Why Savasana Is So Important in Yoga Classes
Those moments of stillness provide huge benefits for your body.
By Catherine Hopkinson•
Peloton yoga classes are all so different, from the instructors’ styles to the musical choices to the areas of focus, that you might be hard-pressed to think of one common factor in all of them. But here’s one similarity in everyone’s classes: All the instructors advise that if you have an extra 5, 10 or even 15 minutes, you should stay in savasana for that length of time. Why?
Let’s back up a little. For the uninitiated, “savasana” translates from Sanskrit to “corpse pose,” aka final resting pose, in which the practitioner lies flat on their back with feet splayed out, arms extended at a slight angle from the body and palms facing up. The idea is to breathe naturally and relax the mind and body after what may have been a challenging physical practice.
But in our rise-and-grind culture, not everyone appreciates the opportunity to just lie still for a few minutes. Almost anyone who’s ever attended an in-studio yoga class knows the distraction of a fellow student getting up to scoot out of class early.
That’s a missed opportunity, says Peloton instructor Kirra Michel. “I find that the people who tend to skip savasana usually need it the most,” she says. “A lot of the time, it's the busy bodies who have trouble being still. Stillness can be the medicine to burnout and stress. I believe you are missing out on the sweetest part of the practice when you skip savasana!”
What actually happens in the body when you’re in savasana? “Within the stillness of the body in savasana, the central nervous system shifts towards the down regulation, the parasympathetic nervous system. This creates a sense of calmness, which helps the body to relax and restore,” Kirra explains. “A longer savasana can allow this to fully take place in the body. It also can assist practitioners into finding a deeper meditative mind state, or at least drop some of the constant mind chatter.”
Peloton Member Kaitlynn M. is a perfect example of this idea. She says, “I do yoga to really take time to listen to and feel my body. I like to spend extra time in savasana because it helps me release any last stress and lets me hold on to that elevated mind-body connection for longer. If I take a short savasana, I feel more jolted and still feel stretched but lose some of that connection.”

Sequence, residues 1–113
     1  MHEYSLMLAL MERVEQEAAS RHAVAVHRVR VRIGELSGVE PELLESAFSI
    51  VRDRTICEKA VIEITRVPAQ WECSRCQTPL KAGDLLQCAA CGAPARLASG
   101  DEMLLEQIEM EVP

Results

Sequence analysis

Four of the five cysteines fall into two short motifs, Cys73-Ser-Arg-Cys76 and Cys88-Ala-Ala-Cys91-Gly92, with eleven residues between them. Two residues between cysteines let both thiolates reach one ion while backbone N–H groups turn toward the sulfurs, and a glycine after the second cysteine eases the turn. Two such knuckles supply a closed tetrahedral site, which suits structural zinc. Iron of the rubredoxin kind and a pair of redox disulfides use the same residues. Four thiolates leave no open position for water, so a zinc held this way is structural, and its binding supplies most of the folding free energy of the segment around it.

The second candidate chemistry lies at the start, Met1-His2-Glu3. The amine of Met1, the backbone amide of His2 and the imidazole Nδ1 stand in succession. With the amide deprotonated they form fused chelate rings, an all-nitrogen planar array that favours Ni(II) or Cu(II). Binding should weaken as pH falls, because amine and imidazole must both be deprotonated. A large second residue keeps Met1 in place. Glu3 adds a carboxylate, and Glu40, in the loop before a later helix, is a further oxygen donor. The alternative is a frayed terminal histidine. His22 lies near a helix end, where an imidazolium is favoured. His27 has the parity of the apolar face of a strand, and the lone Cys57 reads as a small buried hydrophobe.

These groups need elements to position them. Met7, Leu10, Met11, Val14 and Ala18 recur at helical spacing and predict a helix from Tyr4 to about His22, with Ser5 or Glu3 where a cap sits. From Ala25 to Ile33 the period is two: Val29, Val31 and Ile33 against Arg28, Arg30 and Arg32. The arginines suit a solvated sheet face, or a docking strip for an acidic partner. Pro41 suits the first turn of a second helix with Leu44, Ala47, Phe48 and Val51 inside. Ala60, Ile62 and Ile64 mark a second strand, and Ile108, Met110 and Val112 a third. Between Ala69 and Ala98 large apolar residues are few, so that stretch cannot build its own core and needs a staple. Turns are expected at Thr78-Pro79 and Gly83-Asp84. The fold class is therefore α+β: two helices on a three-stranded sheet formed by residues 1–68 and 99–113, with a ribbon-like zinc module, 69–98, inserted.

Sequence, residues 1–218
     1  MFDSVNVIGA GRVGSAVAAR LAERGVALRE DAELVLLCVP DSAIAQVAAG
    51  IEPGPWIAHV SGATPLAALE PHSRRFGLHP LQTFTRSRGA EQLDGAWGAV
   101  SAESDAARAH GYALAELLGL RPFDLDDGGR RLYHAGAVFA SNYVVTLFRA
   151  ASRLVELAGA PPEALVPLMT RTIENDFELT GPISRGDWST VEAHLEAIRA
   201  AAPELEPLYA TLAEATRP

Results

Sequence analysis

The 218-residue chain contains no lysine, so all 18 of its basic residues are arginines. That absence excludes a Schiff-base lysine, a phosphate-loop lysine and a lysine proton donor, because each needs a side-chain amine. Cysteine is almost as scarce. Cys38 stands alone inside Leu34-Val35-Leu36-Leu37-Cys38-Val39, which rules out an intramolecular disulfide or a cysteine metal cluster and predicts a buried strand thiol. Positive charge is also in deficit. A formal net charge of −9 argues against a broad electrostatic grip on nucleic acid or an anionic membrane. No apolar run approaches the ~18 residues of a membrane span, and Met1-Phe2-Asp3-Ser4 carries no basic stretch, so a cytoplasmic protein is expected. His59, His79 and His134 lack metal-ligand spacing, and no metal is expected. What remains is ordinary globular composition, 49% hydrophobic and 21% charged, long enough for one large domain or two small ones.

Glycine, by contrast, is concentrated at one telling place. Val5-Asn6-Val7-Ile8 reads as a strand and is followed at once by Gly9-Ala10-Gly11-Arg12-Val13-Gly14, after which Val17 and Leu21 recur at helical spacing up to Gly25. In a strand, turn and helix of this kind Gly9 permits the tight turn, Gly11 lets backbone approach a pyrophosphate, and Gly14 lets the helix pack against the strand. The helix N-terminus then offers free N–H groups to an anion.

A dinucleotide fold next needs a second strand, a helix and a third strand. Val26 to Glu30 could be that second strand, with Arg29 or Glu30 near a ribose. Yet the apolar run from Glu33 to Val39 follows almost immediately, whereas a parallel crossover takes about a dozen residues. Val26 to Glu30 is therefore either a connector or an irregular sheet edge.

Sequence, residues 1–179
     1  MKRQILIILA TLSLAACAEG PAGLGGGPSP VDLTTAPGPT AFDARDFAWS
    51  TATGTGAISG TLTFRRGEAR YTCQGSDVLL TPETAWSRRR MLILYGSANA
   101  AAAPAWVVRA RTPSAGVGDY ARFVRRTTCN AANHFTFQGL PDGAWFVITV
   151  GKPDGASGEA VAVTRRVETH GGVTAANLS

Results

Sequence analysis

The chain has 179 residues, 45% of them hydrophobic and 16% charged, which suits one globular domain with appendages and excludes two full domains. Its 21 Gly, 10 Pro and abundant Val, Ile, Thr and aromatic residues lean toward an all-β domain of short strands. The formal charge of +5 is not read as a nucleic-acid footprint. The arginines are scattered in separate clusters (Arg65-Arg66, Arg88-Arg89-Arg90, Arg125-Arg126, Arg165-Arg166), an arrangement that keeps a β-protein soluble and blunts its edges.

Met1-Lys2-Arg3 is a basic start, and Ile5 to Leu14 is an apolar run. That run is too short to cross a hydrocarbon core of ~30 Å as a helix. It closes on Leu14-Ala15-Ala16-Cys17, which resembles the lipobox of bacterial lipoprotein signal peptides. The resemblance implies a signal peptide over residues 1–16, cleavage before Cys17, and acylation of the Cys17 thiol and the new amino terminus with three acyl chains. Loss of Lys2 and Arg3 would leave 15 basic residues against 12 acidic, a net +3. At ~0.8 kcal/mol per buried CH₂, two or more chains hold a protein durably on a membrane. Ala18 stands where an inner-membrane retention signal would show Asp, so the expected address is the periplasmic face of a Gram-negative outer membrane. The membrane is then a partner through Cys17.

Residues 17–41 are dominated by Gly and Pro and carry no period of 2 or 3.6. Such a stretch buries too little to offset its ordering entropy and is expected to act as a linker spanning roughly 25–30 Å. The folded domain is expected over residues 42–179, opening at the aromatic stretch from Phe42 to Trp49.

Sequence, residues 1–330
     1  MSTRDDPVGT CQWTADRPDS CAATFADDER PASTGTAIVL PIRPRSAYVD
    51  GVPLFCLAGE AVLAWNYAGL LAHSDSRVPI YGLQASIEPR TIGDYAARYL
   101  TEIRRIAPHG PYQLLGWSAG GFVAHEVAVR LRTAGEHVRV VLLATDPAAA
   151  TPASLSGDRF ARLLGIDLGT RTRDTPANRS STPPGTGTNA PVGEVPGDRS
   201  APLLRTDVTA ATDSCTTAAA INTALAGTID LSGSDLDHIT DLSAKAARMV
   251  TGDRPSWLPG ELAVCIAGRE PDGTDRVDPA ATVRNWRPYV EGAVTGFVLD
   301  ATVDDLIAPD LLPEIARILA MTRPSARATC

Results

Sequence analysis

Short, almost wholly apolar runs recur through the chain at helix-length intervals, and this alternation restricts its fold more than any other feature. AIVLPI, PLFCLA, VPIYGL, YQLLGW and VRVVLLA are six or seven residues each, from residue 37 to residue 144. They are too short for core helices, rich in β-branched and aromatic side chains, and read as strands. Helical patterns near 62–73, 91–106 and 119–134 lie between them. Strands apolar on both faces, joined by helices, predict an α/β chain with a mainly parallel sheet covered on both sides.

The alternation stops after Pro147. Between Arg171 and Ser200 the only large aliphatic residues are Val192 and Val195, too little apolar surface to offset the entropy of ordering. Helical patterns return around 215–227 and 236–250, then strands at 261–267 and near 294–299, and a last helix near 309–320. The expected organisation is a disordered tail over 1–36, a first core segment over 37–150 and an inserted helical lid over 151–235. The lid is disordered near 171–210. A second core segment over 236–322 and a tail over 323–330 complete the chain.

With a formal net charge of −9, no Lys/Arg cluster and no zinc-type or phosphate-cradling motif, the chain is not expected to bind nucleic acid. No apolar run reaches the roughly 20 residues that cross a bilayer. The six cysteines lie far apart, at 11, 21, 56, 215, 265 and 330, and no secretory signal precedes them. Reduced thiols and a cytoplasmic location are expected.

Peloton Member Nicole K. has her own strategy for getting the most out of savasana. “I usually remain in savasana longer because at the beginning of the practice, I set an intention for the class. Once the class is over, I like to revisit that intention, whether it was releasing stress or working on balance. Then I take a moment to make a life connection,” she explains. “So if the intention was working on flexibility, then I think about how I can be more flexible in my work life and what that may look like, as in listening closer to others’ ideas and being willing to pivot and try something new. Or how I can be more flexible in my home life and what that could look like.”
Others aren’t quite so active in their final resting pose. Peloton Member Stephanie G. almost always stays longer in savasana. “It is my time at the end to just ‘be.’ To be still, yet present. To not yet have to rejoin the rest of my day,” she says. “It is an important part of my practice.”
If you’ve never tried doing an extended savasana, Kirra has a suggestion. “At first, if you’re a busy body, the thought of savasana, or meditation in general, might sound excruciating and impossible,” she says. “Give it time. Notice the resistance, relax the body and do it anyway.”
It’s kind of like getting back into fitness after a break, she adds: “You know that once you get back into routine, you start to enjoy it again and it may even become your favorite part of practice! That's how it was for me.”